Cholera killed tens of thousands in Europe and the US in the 1800s, but is now mostly confined to developing countries. The goal is to have cut its death rate by 90% by 2030, according to.
When Cyclone Idai ripped through Mozambique, Malawi, and Zimbabwe on March 14, it wrought devastation and killed 1,000 people. In its aftermath, and that of Cyclone Kenneth the following month, flooding and infrastructure loss created the conditions for an outbreak of cholera, a deadly diarrheal disease that can kill a person within hours, if untreated.
What happened next is key: After Idai, authorities launched a rapid response initiative and, within 24 hours, arranged for oral cholera vaccines to be delivered to Mozambique. With a large-scale vaccination effort now underway, the outbreak is under control, and thousands of lives have been saved.
In the past, developing countries struck by natural disasters or afflicted by war have not been so fortunate. After an earthquake in 2010, Haiti experienced a protracted cholera outbreak that claimed thousands of lives and which jeopardised its recovery. And in war-torn Yemen, today, an equally widespread outbreak has yet to be brought under control.
An ancient disease, cholera once killed tens of thousands of people in Europe and North America, but it was eliminated from the Global North more than 150 years ago. Now, it is almost exclusively in the world’s poorest communities, where it is a deadly side-effect of economic deprivation and inequity.
Nonetheless, in the past 18 months, the world has made significant strides in the fight against cholera. In partnership with the governments of cholera-affected countries, the Global Task Force on Cholera Control (GTFCC), a network of leading global health organisations, is working to consign cholera to history.
In 2018, the GTFCC arranged the shipment of 17.4m doses of the oral cholera vaccine to affected countries. As a result, more people are vaccinated for cholera today than ever before.
The cholera vaccine is not just safe and inexpensive, but also highly effective, providing immediate protection that can last for up to five years. It is thus a bridge between emergency responses and broader, longer-term efforts, such as investment in water safety, sanitation, and hygiene services.
This achievement would not have been possible without Gavi, the Vaccine Alliance. A public-private partnership, Gavi leverages financing for vaccination, reduces the cost of vaccines, and improves their delivery by supporting countries’ health systems.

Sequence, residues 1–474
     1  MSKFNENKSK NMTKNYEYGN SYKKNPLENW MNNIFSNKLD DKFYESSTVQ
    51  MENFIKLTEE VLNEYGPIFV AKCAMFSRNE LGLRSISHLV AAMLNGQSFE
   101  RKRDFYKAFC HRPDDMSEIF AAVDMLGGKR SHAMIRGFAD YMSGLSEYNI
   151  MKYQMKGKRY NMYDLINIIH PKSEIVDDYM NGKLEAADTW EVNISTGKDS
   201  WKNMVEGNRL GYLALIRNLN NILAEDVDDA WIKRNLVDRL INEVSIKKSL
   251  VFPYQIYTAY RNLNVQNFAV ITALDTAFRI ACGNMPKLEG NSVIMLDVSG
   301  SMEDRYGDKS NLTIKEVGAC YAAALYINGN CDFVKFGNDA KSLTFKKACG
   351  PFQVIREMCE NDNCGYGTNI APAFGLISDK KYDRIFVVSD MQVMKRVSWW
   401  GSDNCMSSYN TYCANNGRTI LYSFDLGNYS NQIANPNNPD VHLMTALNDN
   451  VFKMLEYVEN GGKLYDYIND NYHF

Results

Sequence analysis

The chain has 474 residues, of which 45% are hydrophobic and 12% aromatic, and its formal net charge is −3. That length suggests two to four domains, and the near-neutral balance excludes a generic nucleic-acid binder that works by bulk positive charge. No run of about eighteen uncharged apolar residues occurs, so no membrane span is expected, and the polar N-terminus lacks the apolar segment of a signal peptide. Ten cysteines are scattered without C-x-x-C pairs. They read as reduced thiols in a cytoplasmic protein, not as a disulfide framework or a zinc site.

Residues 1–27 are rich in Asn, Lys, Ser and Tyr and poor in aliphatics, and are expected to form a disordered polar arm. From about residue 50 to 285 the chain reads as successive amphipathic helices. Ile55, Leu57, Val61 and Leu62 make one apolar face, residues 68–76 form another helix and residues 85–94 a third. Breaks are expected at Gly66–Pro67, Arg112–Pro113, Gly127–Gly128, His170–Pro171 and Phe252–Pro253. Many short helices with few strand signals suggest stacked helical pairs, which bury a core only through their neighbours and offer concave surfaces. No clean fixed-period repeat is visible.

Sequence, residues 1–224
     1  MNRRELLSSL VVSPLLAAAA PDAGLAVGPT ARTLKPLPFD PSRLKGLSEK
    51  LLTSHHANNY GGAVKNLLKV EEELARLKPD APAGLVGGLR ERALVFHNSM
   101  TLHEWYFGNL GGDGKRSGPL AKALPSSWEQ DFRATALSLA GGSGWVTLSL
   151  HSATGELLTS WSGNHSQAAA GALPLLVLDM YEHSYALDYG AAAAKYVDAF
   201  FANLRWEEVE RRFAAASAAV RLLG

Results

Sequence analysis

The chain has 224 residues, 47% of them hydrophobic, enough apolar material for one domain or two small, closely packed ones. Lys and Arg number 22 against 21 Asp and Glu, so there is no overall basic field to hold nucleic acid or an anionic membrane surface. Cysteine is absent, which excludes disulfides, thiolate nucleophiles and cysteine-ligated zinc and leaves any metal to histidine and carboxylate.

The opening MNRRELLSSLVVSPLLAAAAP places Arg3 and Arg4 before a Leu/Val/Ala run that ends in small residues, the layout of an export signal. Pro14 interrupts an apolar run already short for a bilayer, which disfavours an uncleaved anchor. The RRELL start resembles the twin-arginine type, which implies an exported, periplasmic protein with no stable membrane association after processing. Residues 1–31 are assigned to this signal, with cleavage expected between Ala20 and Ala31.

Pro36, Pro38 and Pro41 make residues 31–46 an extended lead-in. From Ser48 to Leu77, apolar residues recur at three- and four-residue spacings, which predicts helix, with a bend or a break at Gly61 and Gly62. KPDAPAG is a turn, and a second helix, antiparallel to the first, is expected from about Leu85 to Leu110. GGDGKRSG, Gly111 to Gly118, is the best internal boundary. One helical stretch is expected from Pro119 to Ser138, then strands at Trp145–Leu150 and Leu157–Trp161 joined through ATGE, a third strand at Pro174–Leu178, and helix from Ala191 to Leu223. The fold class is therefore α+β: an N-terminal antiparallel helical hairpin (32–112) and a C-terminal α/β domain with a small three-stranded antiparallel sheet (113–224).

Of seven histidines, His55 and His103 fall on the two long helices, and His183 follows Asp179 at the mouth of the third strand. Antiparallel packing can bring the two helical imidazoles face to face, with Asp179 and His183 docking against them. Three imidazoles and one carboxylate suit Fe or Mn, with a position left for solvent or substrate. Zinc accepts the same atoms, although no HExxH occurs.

It is one of our best assets in the fight against vaccine-preventable diseases. Better still, the oral cholera vaccine is just one of 13 vaccines that Gavi supports. Since its founding, in 2000, Gavi has averted an estimated 10m deaths, a figure that will grow as cholera outbreaks recede.
In addition to setting a new record for the delivery of oral cholera vaccines, GTFCC and Gavi are also supporting a long-term strategy, led by cholera-affected countries, to eradicate the disease.
As outlined in ‘Ending Cholera: A Global Roadmap to 2030’, the goal is to reduce cholera deaths by 90%, and eliminate the disease from 20 of the 47 countries currently affected, within the next 11 years.
It is possible that historians will remember 2019 as the beginning of the end of cholera, but much depends on our efforts in the next few years. For starters, global health donors must step up to ensure that Gavi is fully funded in the next strategic investment period (2021-2025).
This support is critical not only for ending cholera, but also for achieving all of our health-related goals. The routine immunisation that Gavi provides is essential to building strong primary health-care systems and reaching universal coverage.
Second, cholera-affected countries must follow the lead of countries like Somalia, South Sudan, Zambia, Zimbabwe, and others. That means working with the World Health Organization (WHO) on a cholera-control plan to help governments unlock resources and receive technical assistance, including the oral cholera vaccine.
WHO models show that, if we do not act now, climate change, urbanisation, and population growth could increase cholera cases by 50% in the next 20 years. And that estimate does not account for the effects of climate change, urbanisation, and armed conflict, all of which could increase the severity and frequency of cholera outbreaks.
There is much more to be done, including making major investments in sustainable water, sanitation, hygiene services, improved disease surveillance, and stronger health systems.
Fortunately, the return on these investments will be immense. We can both eliminate cholera and manage or eliminate a range of waterborne diseases, as part of meeting the Sustainable Development Goals.
Where one lives should not determine whether one lives. But until we eliminate cholera deaths, that will be the tragic reality facing vulnerable communities across the Global South.